patient’s therapy
Hospital in-service
programs for nurses
Hospital grand rounds
Brown bag meetings
Counterdetailing
5-step personal selling
process
Preliminary stage: Gather
patient information.
Step 1: Assess information.
Step 2: Ask probing questions.
Step 3: Present eatures and
benefits.
Step 4: Address concerns.
Step 5: Make the offer.
Elevator Speech
• A short, scripted
speech designed to
promote something in
the time it takes to
ride an elevator.
Example of elevator
speech
“Hi, my name is Bill Pharmacist.
I work with patients to control
their diabetes. I have a clinic at
Jones Pharmacy. If you are
interested, here is my card. Call
the number and ask for me.”
Direct Marketing
 Individualized nonpersonal
communication
 Nonpersonal because
communications standardized,
mechanized to names on list
 More efficient than personal
selling but less effective
 Impersonal
 Less credible
Existing Customers Direct Communications
•Newsletters
•Loyalty Cards
•Direct mailings
•Scanner
Data
Telephone
•Coupons and deals
800 #’s
•Telephone callbacks
•Automatic Rx refills
•Targeted magazines
Customer
Contact
•E-mail messages
Database
•Referrals to local MDs
Database
•Salesman visits
Companies
•Educational videos
•Free samples
Coupon
and
Customer
•Screenings
Sample
Surveys
•Support groups
Redemptions
•Free classes
Internet
Web sites
Sales
Promotion
Messages used to promote quick sale not
included above
Price deals, coupons, contests, sweepstakes,
refunds and rebates, point of purchase
displays
Used to get attention and stimulate
action
Can generate expectations of deals and
cause customers to be overly price
sensitive
Sales promotion
Trust is a key.
Misuse of customer information can
change loyal customers to enemies.
Giant Foods and CVS mailed refill
reminders and information about new
drugs.
Negative public relations responses.
Marketer Influenced
Marketer attempts to
indirectly influence the
actions of impartial parties
who are independent of
marketers.
Public Relations
Public relations encompasses a broad
range of activities associated with the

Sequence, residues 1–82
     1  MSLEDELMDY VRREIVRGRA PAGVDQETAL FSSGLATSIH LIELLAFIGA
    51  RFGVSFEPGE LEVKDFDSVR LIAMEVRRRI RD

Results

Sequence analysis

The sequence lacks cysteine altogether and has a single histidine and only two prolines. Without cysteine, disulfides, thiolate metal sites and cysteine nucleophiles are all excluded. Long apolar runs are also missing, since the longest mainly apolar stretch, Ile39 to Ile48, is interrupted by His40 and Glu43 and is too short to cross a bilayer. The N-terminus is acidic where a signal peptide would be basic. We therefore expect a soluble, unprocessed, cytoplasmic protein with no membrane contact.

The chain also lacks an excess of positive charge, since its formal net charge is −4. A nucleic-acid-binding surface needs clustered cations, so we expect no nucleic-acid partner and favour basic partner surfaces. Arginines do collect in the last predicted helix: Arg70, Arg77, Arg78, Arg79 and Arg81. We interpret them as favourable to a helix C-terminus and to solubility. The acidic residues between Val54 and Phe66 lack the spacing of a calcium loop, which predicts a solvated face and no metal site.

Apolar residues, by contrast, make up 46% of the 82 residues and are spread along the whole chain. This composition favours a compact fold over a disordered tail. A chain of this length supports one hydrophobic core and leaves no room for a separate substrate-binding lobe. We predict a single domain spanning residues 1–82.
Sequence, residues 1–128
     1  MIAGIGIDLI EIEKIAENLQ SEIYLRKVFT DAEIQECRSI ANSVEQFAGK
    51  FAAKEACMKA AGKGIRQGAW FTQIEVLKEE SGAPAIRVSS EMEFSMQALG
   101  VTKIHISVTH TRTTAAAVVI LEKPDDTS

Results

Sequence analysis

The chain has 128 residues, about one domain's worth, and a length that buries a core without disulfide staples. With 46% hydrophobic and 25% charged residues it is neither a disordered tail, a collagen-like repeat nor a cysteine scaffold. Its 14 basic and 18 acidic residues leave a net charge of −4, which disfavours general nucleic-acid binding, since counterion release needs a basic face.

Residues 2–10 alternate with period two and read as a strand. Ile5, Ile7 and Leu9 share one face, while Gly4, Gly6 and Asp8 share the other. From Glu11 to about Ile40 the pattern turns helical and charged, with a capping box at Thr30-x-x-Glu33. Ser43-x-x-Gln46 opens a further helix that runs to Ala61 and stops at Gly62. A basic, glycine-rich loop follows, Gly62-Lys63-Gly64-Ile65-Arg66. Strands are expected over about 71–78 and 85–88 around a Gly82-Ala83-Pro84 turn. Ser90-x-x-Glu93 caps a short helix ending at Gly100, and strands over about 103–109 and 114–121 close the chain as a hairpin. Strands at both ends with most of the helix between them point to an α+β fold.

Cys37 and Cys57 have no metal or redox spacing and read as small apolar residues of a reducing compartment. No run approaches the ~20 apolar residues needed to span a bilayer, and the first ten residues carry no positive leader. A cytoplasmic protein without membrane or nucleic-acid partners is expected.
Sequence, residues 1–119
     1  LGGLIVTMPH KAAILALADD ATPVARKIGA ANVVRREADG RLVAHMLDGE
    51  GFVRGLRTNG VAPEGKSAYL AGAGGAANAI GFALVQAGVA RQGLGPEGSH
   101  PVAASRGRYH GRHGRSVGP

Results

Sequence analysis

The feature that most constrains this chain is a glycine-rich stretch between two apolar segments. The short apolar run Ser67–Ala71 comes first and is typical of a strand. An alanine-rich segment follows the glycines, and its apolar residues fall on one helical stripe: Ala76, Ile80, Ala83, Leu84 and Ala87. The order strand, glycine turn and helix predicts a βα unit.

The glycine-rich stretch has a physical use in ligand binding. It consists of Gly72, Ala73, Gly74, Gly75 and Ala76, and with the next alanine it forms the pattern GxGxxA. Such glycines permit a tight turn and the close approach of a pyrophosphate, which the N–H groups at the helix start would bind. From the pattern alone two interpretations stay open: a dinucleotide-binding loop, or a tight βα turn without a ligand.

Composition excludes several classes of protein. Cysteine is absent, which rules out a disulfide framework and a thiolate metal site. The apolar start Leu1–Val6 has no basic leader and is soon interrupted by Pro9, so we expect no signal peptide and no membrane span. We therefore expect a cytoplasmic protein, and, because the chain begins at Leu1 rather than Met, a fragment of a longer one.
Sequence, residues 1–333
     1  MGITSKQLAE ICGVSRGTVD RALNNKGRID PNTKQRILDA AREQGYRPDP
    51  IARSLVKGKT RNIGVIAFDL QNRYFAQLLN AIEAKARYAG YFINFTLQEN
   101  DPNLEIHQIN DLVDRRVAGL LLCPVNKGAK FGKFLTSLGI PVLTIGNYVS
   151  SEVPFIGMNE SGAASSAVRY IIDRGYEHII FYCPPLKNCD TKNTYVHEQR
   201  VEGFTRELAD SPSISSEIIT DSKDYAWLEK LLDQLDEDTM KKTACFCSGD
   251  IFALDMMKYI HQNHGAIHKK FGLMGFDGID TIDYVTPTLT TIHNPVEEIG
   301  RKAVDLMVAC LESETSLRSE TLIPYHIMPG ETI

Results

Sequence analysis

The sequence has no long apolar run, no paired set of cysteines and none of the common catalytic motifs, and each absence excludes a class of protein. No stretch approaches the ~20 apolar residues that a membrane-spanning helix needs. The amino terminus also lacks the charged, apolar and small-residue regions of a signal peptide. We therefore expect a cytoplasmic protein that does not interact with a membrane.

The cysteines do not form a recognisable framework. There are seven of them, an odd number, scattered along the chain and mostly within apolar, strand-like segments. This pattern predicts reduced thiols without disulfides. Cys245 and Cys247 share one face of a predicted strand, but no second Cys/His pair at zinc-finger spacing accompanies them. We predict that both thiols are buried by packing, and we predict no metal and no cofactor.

process of building a positive image and
goodwill with the public.
Lobbying
Government relations
Media relations
Publicity
Communications with constituents
Public appearances with groups
Community relations
Goal
Assessing Goodwill
Influencing
Goodwill
Publicity
Any nonpaid attempt to get
favorable coverage by the
news media or prevent
nonfavorable coverage
Public Relations
Can be relatively inexpensive if it is do-ityourself.
Creates good will and humanizes a
business.
Gets greater attention.
The negative side is that image is out of
the hands of the marketer.
Word-of-Mouth Marketing
(Buzz Marketing)
Active attempts to promote positive
word-of-mouth (WOM) discussions
about a product or service
How does buzz work?
Buzz starts with…..
A message
Try This
New
Thing!
An opinion
leader
Characteristics of a
buzz-worthy message
Evokes an emotional response
Personally relevant
Meets an unmet desire (i.e., new)
Clearly superior to what is currently
available
Consistent with current belief systems
Visible
Has a good story
Characteristics of opinion
(a.k.a. thought) leaders
They are perceived as credible.
They interact with others by job or
nature.
They travel.
They are information-hungry by
job or nature.
They are vocal.
They are exposed to the media.
How does buzz spread?
Buzz spreads like an
infection through networks
of people.
Arousing buzz
Choose something that is buzz-worthy.
Identify opinion leaders.
Get opinion leaders talking.
Identify and overcome obstacles to
adoption.
Utilize multiple communication
channels.
Encourage adaptation.
Choosing a Medium
 Complicated message – TV or newspaper
 Emotional message – TV or newspaper
 Cheapest way to reach most people – public
relations or radio
 Most effective way to individualize message –
direct marketing or personal selling
 Receiver is short on time – radio or newspaper
Developing a
Promotional Plan
Requires
understanding
of product,
customers,
competitors,
price, and
target market
Four steps
1. Define objective of promotion.
2. Craft message and strategy for
delivery.
3. Select communication mix.
4. Measure effectiveness.
1.
Define the goal of
promotion
Based on positioning statement
e.g., Johnson’s Apothecary, page 258
Inform, persuade, and/or remind?
Good communication is as stimulating as black coffee, and just as
hard to sleep after.
Anne Morrow Lindbergh
2. Define message and
promotional strategy
Solving four problems:
What to say
How to say it in words
How to say it in pictures
Who should say it
When designing message and
strategy:
KISS
Be sincere; be brief; be seated.
Franklin Delano Roosevelt
3. Select a communication mix
Depends on
Message (e.g., complex, simple)
Effectiveness in comparison with other
media
Ability to individualize message
Need for two-way communication
Ability to reach one’s target market
Cost
4. Assess effectiveness
Assess the result of your
communications.
There is no way of knowing your
communications are effective unless you
assess.
The greatest problem in communication is the
illusion that it has been accomplished.
- George Bernard Shaw
Summary
Match media to the message.
Integrate promotion with overall
marketing strategy and business
objectives.
Be clear about the purpose of
your communications.
Questions?